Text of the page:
Translating your blog, is there a good way to do it?

Is there a good way to translate a blog?Whereas English may at times seem prevalent online, the majority of people in the world do not speak it. Furthermore, only a small minority speak English as a native language. For all other languages, the audience figures look even worse, save perhaps for Chinese.

Therefore, providing content for people in their native language is an attractive idea for many bloggers and companies. A static website can be translated, no problem, but what about a blog, with comments and all?

There are three types of situations for translating a blog:

  • Translating a blog through machine translation (automatic translation).
  • Translating a blog with no access to inhouse resources fluent in the target language.
  • Translating a blog with access to inhouse resources fluent in the target language.

Translating a blog through machine translation

Machine translation is pretty much the only way that has gained some prevalence in the blogosphere. Just add a plugin to your blog and you can have it in around 60 languages with a click of a button. Yeah, right.

The thing is, at least at present, machine translation does not work! The moment you step into any niche area, any specific jargon, the current machine translation tools are hopelessly lost. To be honest, they are hopelessly lost much of the time even when you stick to everyday vocabulary and subjects.

Machine translation is improving, and it is nowadays sometimes used in the translation industry to create rough drafts that are then corrected by a human translator. As this improvement continues, the drafts will get better and take less time to correct, thus increasing the productivity of the translator.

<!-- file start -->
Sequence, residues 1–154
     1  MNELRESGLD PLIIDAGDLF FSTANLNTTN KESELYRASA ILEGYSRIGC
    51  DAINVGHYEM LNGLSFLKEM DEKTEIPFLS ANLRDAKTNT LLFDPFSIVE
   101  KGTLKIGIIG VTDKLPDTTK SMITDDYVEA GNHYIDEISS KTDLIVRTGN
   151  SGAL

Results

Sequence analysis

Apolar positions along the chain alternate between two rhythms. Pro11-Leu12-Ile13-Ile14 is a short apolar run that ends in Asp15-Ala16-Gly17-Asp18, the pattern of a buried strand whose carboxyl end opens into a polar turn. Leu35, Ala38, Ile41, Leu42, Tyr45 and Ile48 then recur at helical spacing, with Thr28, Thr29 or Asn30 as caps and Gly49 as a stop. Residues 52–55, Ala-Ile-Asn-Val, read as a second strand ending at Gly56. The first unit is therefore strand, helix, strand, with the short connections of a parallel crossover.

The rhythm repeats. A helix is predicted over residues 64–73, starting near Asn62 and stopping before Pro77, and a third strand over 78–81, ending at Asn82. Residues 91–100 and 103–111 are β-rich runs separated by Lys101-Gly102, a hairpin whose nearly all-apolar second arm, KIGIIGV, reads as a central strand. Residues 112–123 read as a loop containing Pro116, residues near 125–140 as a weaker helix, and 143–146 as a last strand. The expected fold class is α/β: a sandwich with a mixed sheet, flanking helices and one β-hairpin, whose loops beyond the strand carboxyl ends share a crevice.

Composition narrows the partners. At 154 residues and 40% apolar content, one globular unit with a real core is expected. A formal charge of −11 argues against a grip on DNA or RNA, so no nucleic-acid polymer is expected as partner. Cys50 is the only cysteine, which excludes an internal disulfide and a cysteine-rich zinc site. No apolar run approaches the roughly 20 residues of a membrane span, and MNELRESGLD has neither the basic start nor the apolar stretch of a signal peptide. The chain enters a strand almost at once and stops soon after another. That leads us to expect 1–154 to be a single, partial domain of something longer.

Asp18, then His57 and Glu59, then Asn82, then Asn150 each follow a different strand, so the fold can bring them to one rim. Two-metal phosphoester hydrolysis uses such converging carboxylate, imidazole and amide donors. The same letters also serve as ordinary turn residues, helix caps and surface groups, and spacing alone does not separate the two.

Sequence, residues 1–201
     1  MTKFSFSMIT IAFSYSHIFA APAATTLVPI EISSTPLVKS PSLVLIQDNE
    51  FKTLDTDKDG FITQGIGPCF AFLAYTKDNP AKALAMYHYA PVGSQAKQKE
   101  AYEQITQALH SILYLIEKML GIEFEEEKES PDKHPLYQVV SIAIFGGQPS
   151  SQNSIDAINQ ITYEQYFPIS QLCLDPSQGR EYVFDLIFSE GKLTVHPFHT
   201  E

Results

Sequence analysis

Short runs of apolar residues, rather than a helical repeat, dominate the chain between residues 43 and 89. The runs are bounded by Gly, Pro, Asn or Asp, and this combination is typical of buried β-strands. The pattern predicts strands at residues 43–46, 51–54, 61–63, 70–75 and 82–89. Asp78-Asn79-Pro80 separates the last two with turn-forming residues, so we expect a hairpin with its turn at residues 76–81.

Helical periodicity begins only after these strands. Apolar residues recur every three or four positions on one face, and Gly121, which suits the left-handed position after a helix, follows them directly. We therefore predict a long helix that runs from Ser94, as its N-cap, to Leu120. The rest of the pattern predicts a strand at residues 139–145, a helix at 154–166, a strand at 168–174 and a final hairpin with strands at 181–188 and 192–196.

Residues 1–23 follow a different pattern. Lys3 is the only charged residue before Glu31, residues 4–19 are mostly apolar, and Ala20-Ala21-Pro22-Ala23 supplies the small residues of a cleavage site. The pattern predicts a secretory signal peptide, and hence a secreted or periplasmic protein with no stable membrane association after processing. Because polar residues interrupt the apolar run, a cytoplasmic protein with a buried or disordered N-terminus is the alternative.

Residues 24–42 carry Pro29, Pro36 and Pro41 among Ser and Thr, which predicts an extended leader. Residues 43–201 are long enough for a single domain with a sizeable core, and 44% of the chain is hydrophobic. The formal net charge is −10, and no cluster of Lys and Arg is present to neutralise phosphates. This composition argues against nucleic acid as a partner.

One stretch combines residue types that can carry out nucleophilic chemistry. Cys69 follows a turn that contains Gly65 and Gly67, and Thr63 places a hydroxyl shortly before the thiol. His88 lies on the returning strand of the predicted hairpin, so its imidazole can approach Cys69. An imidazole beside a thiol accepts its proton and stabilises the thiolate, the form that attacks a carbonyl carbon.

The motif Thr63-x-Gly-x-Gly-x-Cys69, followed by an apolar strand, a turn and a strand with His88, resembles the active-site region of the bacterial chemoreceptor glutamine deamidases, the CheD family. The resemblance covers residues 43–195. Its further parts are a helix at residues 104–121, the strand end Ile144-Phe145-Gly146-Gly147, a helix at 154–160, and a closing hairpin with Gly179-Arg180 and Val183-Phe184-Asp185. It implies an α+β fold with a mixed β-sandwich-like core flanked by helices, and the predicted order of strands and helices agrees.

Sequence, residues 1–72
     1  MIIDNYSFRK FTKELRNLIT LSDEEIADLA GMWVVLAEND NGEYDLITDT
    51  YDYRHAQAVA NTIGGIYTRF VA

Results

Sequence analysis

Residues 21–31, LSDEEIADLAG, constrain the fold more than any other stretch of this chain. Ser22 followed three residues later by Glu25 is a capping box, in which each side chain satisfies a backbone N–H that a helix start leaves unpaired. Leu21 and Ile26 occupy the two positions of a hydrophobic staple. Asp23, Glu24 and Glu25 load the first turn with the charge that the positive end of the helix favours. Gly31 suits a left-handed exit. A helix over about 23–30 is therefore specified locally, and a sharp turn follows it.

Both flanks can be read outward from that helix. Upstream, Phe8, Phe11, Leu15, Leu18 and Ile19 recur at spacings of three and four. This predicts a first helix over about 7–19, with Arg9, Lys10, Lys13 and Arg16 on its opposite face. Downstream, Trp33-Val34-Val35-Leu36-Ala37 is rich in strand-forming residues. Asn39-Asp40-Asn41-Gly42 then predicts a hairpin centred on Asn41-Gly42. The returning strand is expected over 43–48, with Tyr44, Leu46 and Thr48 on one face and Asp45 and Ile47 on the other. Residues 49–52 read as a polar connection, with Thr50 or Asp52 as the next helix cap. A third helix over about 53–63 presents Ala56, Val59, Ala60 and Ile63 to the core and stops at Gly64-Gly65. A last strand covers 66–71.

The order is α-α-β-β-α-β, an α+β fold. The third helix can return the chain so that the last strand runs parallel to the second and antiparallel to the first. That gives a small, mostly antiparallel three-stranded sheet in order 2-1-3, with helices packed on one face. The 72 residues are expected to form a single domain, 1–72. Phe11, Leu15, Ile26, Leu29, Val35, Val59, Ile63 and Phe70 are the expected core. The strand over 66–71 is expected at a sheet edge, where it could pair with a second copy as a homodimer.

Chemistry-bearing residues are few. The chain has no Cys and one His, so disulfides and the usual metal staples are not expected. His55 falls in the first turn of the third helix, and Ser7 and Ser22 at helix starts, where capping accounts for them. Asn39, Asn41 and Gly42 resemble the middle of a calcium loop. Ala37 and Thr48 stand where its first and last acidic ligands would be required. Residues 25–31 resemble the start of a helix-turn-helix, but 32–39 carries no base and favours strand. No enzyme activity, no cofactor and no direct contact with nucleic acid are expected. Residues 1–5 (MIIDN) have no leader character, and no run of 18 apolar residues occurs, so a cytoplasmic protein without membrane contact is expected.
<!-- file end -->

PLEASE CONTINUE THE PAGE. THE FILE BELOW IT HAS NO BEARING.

Machine translation supported by human correction is an important future tool, but when we are talking about fully automatic machine translation, it is so far away that I can’t even imagine all the hurdles that need to be crossed.

OK, so now we have established that you can’t get a perfect translation with pure machine translation. The next argument from a cost-cutting multilingualist will then be that surely, some translation is better than no translation? Wrong, this is based on a misunderstanding of what constitutes a translation error.

Yes, there are harmless translation errors that are no different from spelling and grammar errors anyone can make. However, there are also much more severe errors either because of misunderstandings or because of the fact that a single word in one language can correspond to various words in another. An incorrect translation can give completely wrong and potentially dangerous advice!

The same applies to blog comments, both for translating comments into the original language and for translating replies into the target language. The issue is further exacerbated by the fact that the potential for errors occurs twice in this process!